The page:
How can you tell when a database is over normalized? Example: I have a database for employee. These are the following tables involved:

User - contains email, password, companyId

Profile - profile of the employee (first name, last name, address)

Group - Department list

Company - list of companies

Position - List of positions

Employee - employee information like id numbers, height, weight, contract info, etc.

closed as too broad by Max Vernon, Paul White, RolandoMySQLDBA, Mark Storey-Smith, Kin Shah Apr 10 '14 at 16:10

Please edit the question to limit it to a specific problem with enough detail to identify an adequate answer. Avoid asking multiple distinct questions at once. See the How to Ask page for help clarifying this question. If this question can be reworded to fit the rules in the help center, please edit the question.

  • Over normalized? Only you can decide that. If it makes sense for the system to have those tables, and performance is at the desired level, then fine, otherwise make some changes. – Max Vernon Apr 8 '14 at 3:44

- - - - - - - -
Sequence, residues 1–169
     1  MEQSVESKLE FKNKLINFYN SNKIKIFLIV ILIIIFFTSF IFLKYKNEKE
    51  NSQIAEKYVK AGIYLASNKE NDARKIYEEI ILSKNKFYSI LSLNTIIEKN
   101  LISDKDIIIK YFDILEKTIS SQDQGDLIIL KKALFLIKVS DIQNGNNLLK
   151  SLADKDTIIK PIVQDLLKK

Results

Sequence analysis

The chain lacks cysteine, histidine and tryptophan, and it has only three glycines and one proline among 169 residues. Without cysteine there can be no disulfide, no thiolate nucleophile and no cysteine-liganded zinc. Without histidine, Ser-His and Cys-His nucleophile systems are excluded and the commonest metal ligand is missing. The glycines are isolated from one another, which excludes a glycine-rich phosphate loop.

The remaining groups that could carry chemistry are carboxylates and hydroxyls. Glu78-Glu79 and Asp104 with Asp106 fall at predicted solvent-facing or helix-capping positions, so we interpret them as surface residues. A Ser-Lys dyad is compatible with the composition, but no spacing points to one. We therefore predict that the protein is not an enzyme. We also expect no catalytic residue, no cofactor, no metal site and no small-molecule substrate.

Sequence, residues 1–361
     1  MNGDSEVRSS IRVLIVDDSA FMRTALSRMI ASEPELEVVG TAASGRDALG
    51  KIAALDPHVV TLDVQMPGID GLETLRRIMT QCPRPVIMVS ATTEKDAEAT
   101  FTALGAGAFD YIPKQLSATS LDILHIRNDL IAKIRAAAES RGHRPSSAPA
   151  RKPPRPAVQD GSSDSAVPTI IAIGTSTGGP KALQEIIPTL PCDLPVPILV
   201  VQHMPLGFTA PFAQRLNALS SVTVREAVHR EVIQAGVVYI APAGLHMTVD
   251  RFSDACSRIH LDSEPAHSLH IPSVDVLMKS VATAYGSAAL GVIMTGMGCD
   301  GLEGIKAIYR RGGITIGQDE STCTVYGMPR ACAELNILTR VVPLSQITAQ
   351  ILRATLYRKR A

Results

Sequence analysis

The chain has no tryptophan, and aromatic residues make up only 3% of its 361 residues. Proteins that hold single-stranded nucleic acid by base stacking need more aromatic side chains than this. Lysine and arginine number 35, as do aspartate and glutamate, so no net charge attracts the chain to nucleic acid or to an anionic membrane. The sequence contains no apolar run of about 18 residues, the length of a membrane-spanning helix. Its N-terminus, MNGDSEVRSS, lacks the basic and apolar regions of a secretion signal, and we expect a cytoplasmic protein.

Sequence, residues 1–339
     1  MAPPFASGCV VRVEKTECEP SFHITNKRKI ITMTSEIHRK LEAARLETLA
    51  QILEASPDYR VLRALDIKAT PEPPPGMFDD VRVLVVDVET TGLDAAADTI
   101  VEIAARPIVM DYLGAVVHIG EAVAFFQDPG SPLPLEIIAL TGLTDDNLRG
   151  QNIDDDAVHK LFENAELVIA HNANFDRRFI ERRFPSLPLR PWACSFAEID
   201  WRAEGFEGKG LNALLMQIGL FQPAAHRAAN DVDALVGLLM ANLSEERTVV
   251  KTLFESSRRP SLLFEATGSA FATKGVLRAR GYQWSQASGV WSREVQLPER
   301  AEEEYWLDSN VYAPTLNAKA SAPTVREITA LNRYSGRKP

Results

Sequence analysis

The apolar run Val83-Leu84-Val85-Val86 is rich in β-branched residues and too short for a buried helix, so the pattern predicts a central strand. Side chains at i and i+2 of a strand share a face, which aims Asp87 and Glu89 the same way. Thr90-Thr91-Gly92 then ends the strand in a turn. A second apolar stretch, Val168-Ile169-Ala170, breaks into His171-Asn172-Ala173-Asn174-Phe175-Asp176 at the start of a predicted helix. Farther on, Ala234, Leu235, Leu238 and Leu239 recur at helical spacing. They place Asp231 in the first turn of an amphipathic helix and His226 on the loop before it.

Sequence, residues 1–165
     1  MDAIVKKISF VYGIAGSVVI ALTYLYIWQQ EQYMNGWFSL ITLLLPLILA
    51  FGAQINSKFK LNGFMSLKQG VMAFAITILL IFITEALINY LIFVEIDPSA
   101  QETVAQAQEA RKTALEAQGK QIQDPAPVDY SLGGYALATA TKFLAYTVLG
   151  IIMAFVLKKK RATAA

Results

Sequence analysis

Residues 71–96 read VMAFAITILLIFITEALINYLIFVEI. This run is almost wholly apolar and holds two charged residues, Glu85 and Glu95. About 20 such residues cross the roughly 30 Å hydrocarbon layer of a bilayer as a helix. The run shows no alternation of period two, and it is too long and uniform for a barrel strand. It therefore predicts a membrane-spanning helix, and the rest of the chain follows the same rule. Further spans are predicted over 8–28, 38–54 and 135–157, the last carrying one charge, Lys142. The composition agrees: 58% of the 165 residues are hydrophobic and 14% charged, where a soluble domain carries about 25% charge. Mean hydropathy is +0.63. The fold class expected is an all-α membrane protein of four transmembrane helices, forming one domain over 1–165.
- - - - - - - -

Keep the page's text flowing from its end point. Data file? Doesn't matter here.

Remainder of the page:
• For what it's worth, I don't believe what you've posted is over-normalised. You could normalise further, like taking the address out of employee profile as employees could share an address...Like Max says, it really depends on whether or not you're happy with performance – Mark Sinkinson Apr 8 '14 at 9:22

First, if it ain't broke, don't fix it. If no-one is complaining about the speed of the system then leave it alone. Spend time and money on other things.

Second, no, I don't think it is possible to over-normalise. That is, I think it is possible to spend more time on the normalisation process than your application might need, but unless you've spent tens and tens and tens of hours doing so I don't think the time is really wasted. The time getting to 3rd normal form is most certainly never wasted.

In my (admittedly limited) experience, the problem is usually under-normalisation, otherwise known as "laziness". Database designers often claim it is for speed purposes, throwing the term "denormalised" about like a holy mantra, but if you investigate closely, all they've actually done is half a job.

Denormalisation is not "stopping before you reach a certain normal form"; it is "reaching a certain form (usually 3NF or BCNF) and then undoing some of that normalisation for well-documented, well-benchmarked reasons."


Tony Davis, The myth of over-normalization.

Louis Davidson, Can you over-normalize?.

Not the answer you're looking for? Browse other questions tagged or ask your own question.